Just over two months old, Libyan Flavours (“نكهات ليبية”) has established itself as “an initiative to keep the identity of Libya alive,” already garnering a strong base of some fifty-five thousand followers who regularly post photos of paintings, landscapes, meals, and snapshots from quotidian life in Libya.
The producers themselves have released two well-advertised videos over the course of twenty-four hours, which they describe as the beginning of a series meant to highlight aspects of Libyan traditions as they are carried out today. The first one, shown above, creates a bond between tea ceremonies set in three different geographic and social settings. The second video, which provides glimpses of some wedding festivities, can be viewed here.
In August 2011, Libyan writer Ibrahim Al-Koni appeared on stage at the Louisiana Literature Festival in Denmark in discussion with Syrian poet Adonis. The writers spoke about the nature of revolution and their hopes for the futures of their native countries. The Louisiana Museum of Modern Art has released a portion of the recorded talk online. In this particular section of the interview, briefly volley back and forth about NATO intervention in Libya’s 2011 revolution.
“I hope the Arabs themselves rise up and request the assistance of the world,” said Adonis, “But to invite NATO forces to occupy Libya or Tunisia? No!”
Al-Koni appeared ruffled by Adonis’ implication that Libya’s revolution was somehow compromised by Western intervention. He replied:
“What happened in Libya was not begging NATO for help. There was a spontaneous uprising by civilians, as Adonis wanted to clarify. It was in fact a spontaneous revolution by unarmed people, marching in protest and seeking their rights. The murderous regime killed these people on the streets. Therefore they were forced to attack the barracks and die by the thousands in order to take weapons from combat forces to defend themselves. The Arab League passed a plan to the Security Council to protect the people. The Security Council could not stand idly faced with a war of extermination. The great power were assigned to prevent genocide of this nation. France initiated in the early days as attempt to prevent a major massacre in Benghazi. Until then the world hesitated. No one intervened. The United States bombed the arsenals in Tripoli and in the desert which were being used by Gaddafi against the citizens. NATO till then was divided. Turkey, Russia, China, South Africa, and Italy, even India — were against interference at this point. But the developments showed them the truth. They realized if they did not act, an entire nation would be eliminated.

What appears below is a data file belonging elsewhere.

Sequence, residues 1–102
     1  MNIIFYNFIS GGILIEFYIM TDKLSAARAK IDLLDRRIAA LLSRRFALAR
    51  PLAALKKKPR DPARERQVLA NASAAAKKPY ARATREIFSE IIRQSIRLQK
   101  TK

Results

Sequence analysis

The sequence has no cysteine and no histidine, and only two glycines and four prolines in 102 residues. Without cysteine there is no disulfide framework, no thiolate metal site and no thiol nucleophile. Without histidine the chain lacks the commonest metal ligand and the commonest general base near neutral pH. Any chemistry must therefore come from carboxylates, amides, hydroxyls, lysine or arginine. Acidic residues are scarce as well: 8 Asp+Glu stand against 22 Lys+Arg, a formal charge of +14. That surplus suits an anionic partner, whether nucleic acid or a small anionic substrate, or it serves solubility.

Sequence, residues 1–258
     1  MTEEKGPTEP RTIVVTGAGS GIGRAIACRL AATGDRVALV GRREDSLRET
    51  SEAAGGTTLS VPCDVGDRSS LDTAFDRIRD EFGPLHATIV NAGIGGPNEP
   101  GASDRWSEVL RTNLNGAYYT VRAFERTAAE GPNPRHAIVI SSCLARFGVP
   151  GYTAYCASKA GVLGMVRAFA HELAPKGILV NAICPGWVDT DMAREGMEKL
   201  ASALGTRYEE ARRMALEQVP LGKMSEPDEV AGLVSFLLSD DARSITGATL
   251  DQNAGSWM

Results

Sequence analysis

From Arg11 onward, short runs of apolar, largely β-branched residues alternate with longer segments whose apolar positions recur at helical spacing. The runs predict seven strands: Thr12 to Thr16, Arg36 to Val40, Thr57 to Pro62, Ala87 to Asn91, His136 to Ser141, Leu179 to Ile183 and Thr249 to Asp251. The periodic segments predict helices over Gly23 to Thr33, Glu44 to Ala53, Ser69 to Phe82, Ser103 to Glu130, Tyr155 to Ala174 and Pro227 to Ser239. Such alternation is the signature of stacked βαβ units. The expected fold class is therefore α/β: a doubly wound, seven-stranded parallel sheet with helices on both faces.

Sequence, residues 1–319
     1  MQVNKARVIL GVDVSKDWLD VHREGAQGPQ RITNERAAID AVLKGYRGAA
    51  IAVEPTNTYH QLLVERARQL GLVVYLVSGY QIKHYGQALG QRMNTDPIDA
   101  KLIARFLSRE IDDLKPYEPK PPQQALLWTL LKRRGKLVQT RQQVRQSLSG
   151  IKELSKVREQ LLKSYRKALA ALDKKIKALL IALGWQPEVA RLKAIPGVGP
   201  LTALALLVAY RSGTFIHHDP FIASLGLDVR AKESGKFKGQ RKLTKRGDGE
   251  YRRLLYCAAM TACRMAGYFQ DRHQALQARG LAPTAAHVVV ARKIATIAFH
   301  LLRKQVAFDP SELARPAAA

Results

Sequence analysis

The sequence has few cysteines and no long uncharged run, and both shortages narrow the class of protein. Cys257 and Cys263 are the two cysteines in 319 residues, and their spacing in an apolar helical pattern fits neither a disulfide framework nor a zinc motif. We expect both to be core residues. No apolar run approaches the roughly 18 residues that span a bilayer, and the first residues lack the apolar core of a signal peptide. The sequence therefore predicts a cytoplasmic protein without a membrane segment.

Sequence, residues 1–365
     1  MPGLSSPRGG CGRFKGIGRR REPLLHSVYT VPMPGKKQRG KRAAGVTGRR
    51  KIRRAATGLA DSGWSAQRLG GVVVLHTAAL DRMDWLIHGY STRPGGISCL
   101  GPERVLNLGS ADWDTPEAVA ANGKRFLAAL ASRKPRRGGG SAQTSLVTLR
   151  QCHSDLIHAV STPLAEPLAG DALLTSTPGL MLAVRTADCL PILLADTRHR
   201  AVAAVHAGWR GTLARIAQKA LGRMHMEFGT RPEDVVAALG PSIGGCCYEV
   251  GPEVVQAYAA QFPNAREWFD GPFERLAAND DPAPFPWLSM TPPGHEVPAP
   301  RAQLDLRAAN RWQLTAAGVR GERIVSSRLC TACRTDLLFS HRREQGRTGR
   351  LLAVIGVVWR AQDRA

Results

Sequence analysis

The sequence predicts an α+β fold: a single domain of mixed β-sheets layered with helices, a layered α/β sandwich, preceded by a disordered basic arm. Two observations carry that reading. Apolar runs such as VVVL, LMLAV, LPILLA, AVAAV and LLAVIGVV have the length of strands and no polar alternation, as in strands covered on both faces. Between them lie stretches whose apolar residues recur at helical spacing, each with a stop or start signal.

…Mr. Adonis has a right to critisize the West because in fact they had rehabilitated Gaddafi for the last 20 years enabling him to return strongly to practice terrorism in the world.
The two authors also discussed literature, Sufism, and politics. You can watch the excerpts here.
Recently, it has become difficult to find images of Libya that don’t immediately evoke the memory of the brutal revolution. “Humans of Tripoli” — created in the same vein as the prolific “Humans of New York” brand — turns the lens on ordinary Libyans in the trenches of everyday life. Although state-building has been an often messy, and violent, project, life in the streets of Libya carries on and something resembling a civil society has emerged. The photos of Humans of Tripoli depict these realities.
Although the page is not yet a week ago, the admins have already encountered questions of representation. There are no women in any of the photos. The omission, however, is likely not an intentional one, as one commenter reasonably pointed out. Libyan women may be wary of a stranger’s camera, especially if that stranger is a man who intends to post their photo up on Facebook.